With a history dating back to the 9th century AD, the Castello di Bossi estate has evolved with the times. A dynamic team leads the estate and never shies from technological innovation, while remaining true to the terroir of Chianti. It is this balance that has been a key part of Marco Bacci’s vision as he has brought Castello di Bossi to the highest ranks of international wine. As the mastermind of Castello di Bossi, he oversees all operations, from beginning to end, with careful attention to detail. In the last 10 years, Marco has added two properties to his holdings: Renieri in Montalcino and Terre di Talamo in the Morellino di Scansano appellation.

Thursday, October 24, 2019

Wine Review: Parmoleto Montecucco Sangiovese 2015

Parmoleto Montecucco Sangiovese 2015

Parmoleto was founded in Montecucco, Italy, in 1990. Their Montecucco Sangiovese is 100% Sangiovese from vineyards 200 meters above sea level with southwest exposure and a prevalence of clay in the soil. It spent 12 months in barriques and has an ABV of 14%.

Tuesday, October 22, 2019

Wine Quickie: Rutherford Hill Merlot 2015


Holy crap, now THIS is a Merlot for #MerlotMe October! It's one of those wines that I could just smell all night and be completely satisfied. There's black cherries, blackberries, mocha, anise, and cinnamon. On the palate it's full bodied with a wonderfully lush mouthfeel, soft tannin, and perfectly balanced acidity. It gets a bit boozy on the finish but the juicy black cherries and strong mocha are just as big and vocal. What an excellent Napa Merlot this is, and I think I'm in love tonight!

Sunday, October 20, 2019

Wine Review: Bodegas LAN Viña Lanciano Rioja Reserva 2012

Bodegas LAN Viña Lanciano Rioja Reserva 2012

Even though October is #MerlotMe month, and I have plenty of Merlot being featured as quickies, Spain dominates the full reviews on the website this month. I started with Cune Rioja Crianza 2016, then René Barbier's Com Tu 2016 and now I'm on Vińa Real Crianza 2016, and now I'm finishing up with Vińa Lanciano Rioja Reserva 2102.

Viña Lanciano is the architect of the original philosophy of our winery. Its name reflects the essence of a unique enclave and the river that embraces it in this magical place, with vestiges of ancient history, such as the remains of the Mantible bridge of Roman origin that stars in its label. Viña Lanciano condenses the philosophy and know-how of LAN since its inception.

That inception of LAN began in 1978 and the name stands for Logroño (part of La Rioja), Alava, and Navarra. The 2012 Viña Lanciano Rioja Reserva is 85% Tempranillo and 15% Mazuela.

Saturday, October 19, 2019

Wine Quickie: Rutherford Hill Rosé of Merlot 2018


Oh yes, we have a rosé for #MerlotMe October! Out of Napa Valley, Rutherford Hill was founded in 1972 and was a pioneer in the development of Merlot in California. Their Rosé of Merlot is light and crisp while featuring strong white flowers and being loaded with peaches, citrus, and honey. It may be a bit overpriced but it's a damn good rosé! My wife liked it even more than I did and that earns it extra points.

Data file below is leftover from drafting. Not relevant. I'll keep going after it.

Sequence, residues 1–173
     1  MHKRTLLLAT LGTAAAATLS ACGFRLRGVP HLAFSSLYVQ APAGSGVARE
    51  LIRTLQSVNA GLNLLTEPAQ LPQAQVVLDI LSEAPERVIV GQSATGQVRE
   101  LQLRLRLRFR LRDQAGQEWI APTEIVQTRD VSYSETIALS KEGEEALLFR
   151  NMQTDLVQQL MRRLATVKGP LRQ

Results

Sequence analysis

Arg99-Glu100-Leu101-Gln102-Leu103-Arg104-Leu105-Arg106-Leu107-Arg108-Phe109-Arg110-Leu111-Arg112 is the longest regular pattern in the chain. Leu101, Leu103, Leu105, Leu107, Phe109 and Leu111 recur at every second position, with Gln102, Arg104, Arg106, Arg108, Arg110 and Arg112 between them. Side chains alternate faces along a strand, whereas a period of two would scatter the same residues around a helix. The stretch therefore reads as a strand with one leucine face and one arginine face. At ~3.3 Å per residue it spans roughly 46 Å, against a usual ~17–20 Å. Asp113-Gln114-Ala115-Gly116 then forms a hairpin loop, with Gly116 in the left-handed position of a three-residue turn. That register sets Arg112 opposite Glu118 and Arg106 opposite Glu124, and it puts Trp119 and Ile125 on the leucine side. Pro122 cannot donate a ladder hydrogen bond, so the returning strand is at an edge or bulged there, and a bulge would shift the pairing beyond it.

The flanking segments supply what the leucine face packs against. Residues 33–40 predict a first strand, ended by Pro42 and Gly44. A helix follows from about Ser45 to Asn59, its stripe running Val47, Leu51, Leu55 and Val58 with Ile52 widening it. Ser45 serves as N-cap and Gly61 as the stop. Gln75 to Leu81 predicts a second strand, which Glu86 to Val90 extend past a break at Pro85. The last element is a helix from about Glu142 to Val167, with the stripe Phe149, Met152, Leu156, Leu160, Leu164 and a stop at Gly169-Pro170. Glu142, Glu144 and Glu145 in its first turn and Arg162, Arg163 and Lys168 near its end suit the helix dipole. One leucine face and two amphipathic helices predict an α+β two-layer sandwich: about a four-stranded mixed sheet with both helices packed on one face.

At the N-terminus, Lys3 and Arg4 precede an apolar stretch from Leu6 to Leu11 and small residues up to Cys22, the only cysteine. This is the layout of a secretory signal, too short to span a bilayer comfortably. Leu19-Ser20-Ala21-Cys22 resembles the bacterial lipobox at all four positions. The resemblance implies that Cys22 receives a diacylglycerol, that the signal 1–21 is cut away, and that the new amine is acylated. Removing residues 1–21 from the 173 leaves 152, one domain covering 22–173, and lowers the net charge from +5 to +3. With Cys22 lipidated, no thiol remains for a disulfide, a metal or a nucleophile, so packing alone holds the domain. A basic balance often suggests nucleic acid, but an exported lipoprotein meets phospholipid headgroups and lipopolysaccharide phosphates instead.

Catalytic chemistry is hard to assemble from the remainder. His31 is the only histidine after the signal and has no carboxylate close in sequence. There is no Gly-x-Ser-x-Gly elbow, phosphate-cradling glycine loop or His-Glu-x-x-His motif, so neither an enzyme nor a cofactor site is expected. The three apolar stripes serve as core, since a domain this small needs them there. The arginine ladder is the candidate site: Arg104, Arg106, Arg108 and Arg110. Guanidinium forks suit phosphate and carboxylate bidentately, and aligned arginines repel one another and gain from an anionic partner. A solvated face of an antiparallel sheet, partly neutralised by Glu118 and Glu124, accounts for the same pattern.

Thursday, October 17, 2019

Wine Review: CVNE Viña Real Rioja Crianza 2016


Even though October is #MerlotMe month, and I have plenty of Merlot being featured as quickies, Spain dominates the full reviews on the website this month. I started with Cune Rioja Crianza 2016, then René Barbier's Com Tu 2016, now I'm on Vińa Real Crianza 2016, and I'll finish up with Vińa Lanciano Rioja Reserva 2102.

The Viña Real brand was established in 1920 by CVNE (pronounced coo-nay) and also calls itself Cune, which was a label typo that stuck. Viña Real is out of the Rioja Alavesa region of Rioja, as opposed to CVNE's main label out of Rioja Alta. The name of the parent winery is actually an acronym that stands for Compañia Vinicola del Norte de España. It was founded in 1879 in Haro, Rioja and has been a leader in progressive winemaking and modernization since its inception.

The 2016 Crianza is 90% Tempranillo with the remaining 10% containing Garnacha and Mazeulo, all from the Rioja Alavesa region of Rioja. After being destemmed, the grapes are placed into stainless steel tanks to ferment as is for ten to twelve days. Once made into wine it's allowed malolactic fermentation in French oak barrels, then aged in American oak barrels for thirteen to fourteen months while being racked every five to six months. The wine has a final ABV of 13.5%.

Tuesday, October 15, 2019

Wine Quickie: Chelsea Goldschmidt Salmon's Leap Merlot 2017


I'm not gonna lie, I got a bit excited when I opened this package for #MerlotMe October! I've heard quite a bit about Chelsea Goldschmidt's Merlot and their Cabernet but I've never had the opportunity to try them. The 2017 Salmon's Leap Merlot is medium bodied with a lush and velvety mouthfeel and soft tannin. It's more about the red fruits than the black fruits that I was expecting, with big bold cherries, raspberries, mocha, and cinnamon. Then there's the lipsmacking and long lasting finish that has a little bit of a firey pepperiness to it. For $25 this Merlot is solid.

Sunday, October 13, 2019

Wine Review: Com Tu 2016 by René Barbier